For this piece, I intend to examine secret, unseen physical spaces—the ones that aren’t discussed in polite conversation. Those which we know to exist, but would fear to look inside of, or understand in explicit detail. We are consoled by our own unknowing of them. I want to create a work which illustrates the relationship between two different kinds of these grotesque hidden spaces: those existing in the outside world, which we consciously observe to be scary, alien or unclean—and those which reside closer to home, either within typical domestic settings, or within our own bodies. We might not regard the latter with the same kind of dread, but we still feel more at ease knowing that they are hidden. These spaces are cramped, but evoke strong emotions. Some of them carry associations of disease, bodily harm and discomfort. Others seem come to mind as special places of intimacy. My piece will exist on the thin line between the intimate, and the grotesque. It will both literally and figuratively delve into the visceral gaps and crevices of our everyday lives.
The piece will consist of several illustrative, mixed media installations that will utilize the specific surrounding environment. In addition to drawing materials, these pieces will include various kinds of paper, found objects, electrical tape and string. Each one will involve a figure interacting in some way with one of these aforementioned secret spaces: peering, reaching or crawling inside. The setting for the installations will be the tunnels beneath the university. I’ve always found their sublime decay and quaint trashiness a great source of inspiration. Also, they’re filled with the exact kinds of cracks, holes and gaps that I need.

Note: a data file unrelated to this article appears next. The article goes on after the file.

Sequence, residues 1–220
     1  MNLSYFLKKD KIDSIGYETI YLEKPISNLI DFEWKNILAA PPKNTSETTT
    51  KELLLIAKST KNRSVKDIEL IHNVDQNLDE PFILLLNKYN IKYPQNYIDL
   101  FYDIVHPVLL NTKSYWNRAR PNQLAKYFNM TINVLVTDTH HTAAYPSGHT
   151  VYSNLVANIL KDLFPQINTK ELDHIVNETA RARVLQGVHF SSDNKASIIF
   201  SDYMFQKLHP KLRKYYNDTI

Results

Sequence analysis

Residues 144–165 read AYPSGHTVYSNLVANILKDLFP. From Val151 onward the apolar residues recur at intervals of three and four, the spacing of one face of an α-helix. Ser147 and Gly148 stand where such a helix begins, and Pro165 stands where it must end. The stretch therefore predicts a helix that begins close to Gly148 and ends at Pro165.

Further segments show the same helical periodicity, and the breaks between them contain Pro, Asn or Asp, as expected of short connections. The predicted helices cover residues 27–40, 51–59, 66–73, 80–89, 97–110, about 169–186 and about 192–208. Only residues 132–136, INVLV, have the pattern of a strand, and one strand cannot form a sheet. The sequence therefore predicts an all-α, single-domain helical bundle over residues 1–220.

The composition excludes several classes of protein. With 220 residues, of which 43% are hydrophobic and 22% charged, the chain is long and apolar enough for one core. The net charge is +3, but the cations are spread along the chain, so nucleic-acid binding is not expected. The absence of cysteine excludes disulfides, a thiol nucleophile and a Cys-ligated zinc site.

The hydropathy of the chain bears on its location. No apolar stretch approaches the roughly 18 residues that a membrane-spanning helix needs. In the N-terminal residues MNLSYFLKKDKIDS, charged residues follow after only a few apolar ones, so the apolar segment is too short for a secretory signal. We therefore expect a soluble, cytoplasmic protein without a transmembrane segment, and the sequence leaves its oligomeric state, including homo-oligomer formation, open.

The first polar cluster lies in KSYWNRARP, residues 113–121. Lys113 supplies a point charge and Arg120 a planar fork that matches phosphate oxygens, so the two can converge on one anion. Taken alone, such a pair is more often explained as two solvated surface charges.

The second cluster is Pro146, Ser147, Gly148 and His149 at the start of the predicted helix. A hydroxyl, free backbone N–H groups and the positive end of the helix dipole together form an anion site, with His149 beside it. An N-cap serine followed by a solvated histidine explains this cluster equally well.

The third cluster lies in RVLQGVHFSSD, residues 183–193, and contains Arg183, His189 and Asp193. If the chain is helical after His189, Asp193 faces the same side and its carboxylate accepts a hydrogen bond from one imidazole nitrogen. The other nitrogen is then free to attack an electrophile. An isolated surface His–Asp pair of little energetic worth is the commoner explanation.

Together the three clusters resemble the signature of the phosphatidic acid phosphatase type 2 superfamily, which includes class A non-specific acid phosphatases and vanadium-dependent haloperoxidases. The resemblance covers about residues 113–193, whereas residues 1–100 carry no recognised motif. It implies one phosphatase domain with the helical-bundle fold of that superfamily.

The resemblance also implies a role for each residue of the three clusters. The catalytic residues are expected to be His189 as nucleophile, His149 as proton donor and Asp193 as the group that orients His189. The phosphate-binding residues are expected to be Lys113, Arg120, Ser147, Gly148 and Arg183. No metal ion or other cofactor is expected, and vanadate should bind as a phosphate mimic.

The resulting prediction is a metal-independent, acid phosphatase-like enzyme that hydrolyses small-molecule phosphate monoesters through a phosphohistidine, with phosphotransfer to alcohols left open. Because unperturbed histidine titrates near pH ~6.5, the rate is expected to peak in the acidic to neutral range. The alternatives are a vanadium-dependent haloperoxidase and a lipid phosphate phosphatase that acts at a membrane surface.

Each composition will present a kind of imaginary ‘x-ray’ view of the space it uses. Part of the figure will be obscured within its respective hidden space, but the interior will be displayed alongside it. As opposed to showing what one might imagine would be inside one of these spaces, it will have a biomorphic, fleshy appearance to it, giving the viewer a sense of repulsion and subsequently forcing them to think about what the similarities might be between, say, a shower drain and the space made by two mouths kissing.
I myself am not a germaphobe, and I don’t intend to condone or promote the fear of contamination either by contact with the outside world or with other people. However, I do intend to research Germaphobia for this project, particularly the effect it has on a person’s perception of the outside world in relation to their own physiology. I’ll also be drawing influence from the comics of Charles Burns (Black Hole, X’ed Out) and the early-‘80s ‘Body Horror’ films of David Cronenberg (Dead Ringers, Videodrome, Scanners). Other works of art that have influence on this piece include Dali’s Anthropomorphic Cabinet (1936) and the street art of Mark Jenkins.
I will have sketches up soon, as well as photographs of the areas in the tunnels where I plan on installing my pieces. My illustrative style has a surreal sense of humor to it, and I intend for this piece to address these ideas light-heartedly.
Here are some reference images:
2. Anthropomorphic Cabinet
3. Charles Burns
4. Mark Jenkins